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Yes, there’s festive cheer in the air, but that doesn’t mean that it’s all love and light. The holiday season can stir up different emotions, particularly when you’ve had a hard year, and before you know it, you’re dealing with holiday blues.

What are the Holiday Blues?

Speaking to Psychology.Org, Fatima Watt, Psy.D., director of behavioral health services at Franciscan Children’s, explained  holiday blues as “feelings of stress, anxiety, and sadness that surround the holiday season.”

As for what triggers these blues, it can vary from person to person and it can include;

  • Poor sleep quality
  • Financial stress
  • Grief
  • Loneliness
  • Unrealistic expectations 

A person experiencing holiday blues will likely exhibit symptoms like depression, such as:

  • Changes in appetite or weight
  • Changes in sleep patterns
  • Depressed or irritable mood
  • Difficulty concentrating
  • Feelings of worthlessness or guilt
  • Feeling more tired than usual
  • Feeling tense, worried, or anxious
  • Loss of pleasure in doing things you used to enjoy

While you may not be able to completely prevent experiencing the holiday blues, the good news is that there are strategies that will help you get through the festive season if you’re feeling a little blue.  

12 Ways To Manage the Holiday Blues

1. Stay active 

The thought of exercising during the holiday, especially when you’re supposed to be relaxing, may sound unappealing, but the reality is that incorporating physical activity into your festive season can help you manage those holiday blues.

One study noted that exercise is an effective tool in managing depression. This is because regular physical activity not only alleviates stress, but also triggers the release of endorphins, brain chemicals that help ease pain, discomfort, and stress.

2. Get outdoors

Getting some fresh air, vitamin D and a dose of nature is a sure way to lift your mood. 

For one, the fresh air raises your brain’s oxygen levels, which then boosts levels of the endorphin serotonin, also known as the ‘feel good’ hormone. 

Secondly, low levels of vitamin D have been associated with an increased risk for depression. As the sun is the best source of vitamin D, getting some sunshine can help improve your mood – just don’t forget your sunscreen.

Lastly, spending time in nature around greenery has been found to reduce feelings of anxiety and overthinking, which can lead to a low mood, so why not take a walk through your local park or spend some time in your garden?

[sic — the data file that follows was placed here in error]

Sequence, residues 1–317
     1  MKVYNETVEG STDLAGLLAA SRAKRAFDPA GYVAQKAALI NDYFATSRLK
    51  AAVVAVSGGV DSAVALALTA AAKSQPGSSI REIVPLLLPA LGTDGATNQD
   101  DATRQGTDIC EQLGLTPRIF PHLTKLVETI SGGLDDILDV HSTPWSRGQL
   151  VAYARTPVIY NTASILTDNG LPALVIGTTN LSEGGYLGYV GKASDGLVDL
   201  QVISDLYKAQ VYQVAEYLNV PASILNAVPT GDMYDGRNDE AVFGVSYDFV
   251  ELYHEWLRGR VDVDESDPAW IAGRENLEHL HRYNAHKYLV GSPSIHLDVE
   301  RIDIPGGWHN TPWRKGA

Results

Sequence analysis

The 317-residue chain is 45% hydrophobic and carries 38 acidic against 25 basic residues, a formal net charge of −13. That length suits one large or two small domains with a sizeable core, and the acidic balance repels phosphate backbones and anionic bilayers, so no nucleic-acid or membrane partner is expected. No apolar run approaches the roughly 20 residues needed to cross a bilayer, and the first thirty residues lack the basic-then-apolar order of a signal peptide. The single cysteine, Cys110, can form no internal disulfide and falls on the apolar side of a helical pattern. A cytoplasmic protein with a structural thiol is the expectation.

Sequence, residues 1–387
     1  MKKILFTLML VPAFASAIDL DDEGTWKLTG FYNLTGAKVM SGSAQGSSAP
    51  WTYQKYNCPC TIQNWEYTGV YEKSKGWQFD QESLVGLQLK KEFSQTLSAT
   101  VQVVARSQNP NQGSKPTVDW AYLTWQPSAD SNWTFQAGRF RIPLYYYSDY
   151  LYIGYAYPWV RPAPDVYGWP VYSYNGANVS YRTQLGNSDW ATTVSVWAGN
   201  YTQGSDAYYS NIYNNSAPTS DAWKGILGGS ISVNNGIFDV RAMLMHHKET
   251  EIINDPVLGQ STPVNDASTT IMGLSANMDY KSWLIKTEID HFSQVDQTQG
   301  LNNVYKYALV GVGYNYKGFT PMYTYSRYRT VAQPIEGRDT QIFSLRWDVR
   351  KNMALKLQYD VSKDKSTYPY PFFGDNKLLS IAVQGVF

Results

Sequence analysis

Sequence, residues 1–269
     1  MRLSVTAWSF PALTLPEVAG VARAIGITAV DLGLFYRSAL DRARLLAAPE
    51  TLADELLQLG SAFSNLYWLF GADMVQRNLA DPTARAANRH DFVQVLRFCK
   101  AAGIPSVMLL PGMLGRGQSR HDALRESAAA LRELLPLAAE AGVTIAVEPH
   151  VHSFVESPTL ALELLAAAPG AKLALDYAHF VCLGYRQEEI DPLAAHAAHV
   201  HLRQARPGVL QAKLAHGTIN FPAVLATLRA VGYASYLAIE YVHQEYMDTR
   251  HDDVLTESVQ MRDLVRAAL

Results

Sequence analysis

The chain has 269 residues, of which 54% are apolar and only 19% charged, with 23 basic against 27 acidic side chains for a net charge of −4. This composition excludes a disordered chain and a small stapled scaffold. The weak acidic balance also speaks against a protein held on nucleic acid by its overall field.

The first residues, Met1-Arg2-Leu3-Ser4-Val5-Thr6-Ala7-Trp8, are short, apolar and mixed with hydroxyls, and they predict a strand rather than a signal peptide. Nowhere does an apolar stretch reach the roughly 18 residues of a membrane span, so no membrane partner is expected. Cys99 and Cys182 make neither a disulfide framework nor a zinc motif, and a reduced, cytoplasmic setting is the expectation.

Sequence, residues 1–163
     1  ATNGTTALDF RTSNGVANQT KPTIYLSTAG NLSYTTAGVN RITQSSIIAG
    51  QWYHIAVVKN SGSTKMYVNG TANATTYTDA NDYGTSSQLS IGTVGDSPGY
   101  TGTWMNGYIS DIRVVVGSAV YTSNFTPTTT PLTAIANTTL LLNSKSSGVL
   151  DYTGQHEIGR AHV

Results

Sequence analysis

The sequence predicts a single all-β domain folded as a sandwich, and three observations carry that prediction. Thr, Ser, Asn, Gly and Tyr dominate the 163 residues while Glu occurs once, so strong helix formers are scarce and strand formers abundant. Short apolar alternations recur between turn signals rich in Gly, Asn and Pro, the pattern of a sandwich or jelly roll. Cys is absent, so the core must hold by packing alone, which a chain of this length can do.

3. Set boundaries: NO means NO

It can be hard being around various relatives at once, especially if they all have an option on everything and anything. If that’s the case for your household, the best way to navigate this would be to set boundaries. 

Whether it’s letting them know that you won’t discuss politics at the dinner table, or simply asking that they respect your “no’s” without an explanation, setting boundaries can prevent negative emotions. Also, by setting boundaries, you won’t find yourself overcommitting and feeling dejected once you can’t come through.

4. Consider volunteering 

The best gift you can give is your time, especially if that time is being used to help someone during the festive season.

Volunteering at your local shelter, church, or school isn’t only a great way to uplift your community, but research has found that volunteering can help you find meaning and purpose, as well as improve your empathy towards others. 

If you’re wondering how to get started with volunteering, VolunteerMatch can help you find where to volunteer in your area.

5. Limit alcohol

Yes, it’s the season to enjoy an extra glass, but the last thing you want is for alcohol to exacerbate your already low mood. 

It’s also important not to turn to alcohol as a way to cope with any difficult emotions that the holiday season may be stirring up.  

Beer

Photo by Helena Lopes from Pexels

Aside from not keeping any readily available alcohol in your home, it’s best that you limit yourself to no more than two drinks if you’re attending a party. 

6. Avoid overeating 

Alcohol isn’t the only unhealthy coping mechanism that you need to worry about. 

It’s the season of treats, carbs, and overindulgence, so it can be easy to get lost in a meal or two. Yet, sugary and fatty foods can worsen your mood, so try to keep your eating habits as healthy as possible. Don’t be shy to indulge in a treat or two, but just make sure to add veggies to your plate.

7. Get plenty of sleep 

Holiday blues may disrupt your sleep patterns, but not getting enough sleep can make you feel worse.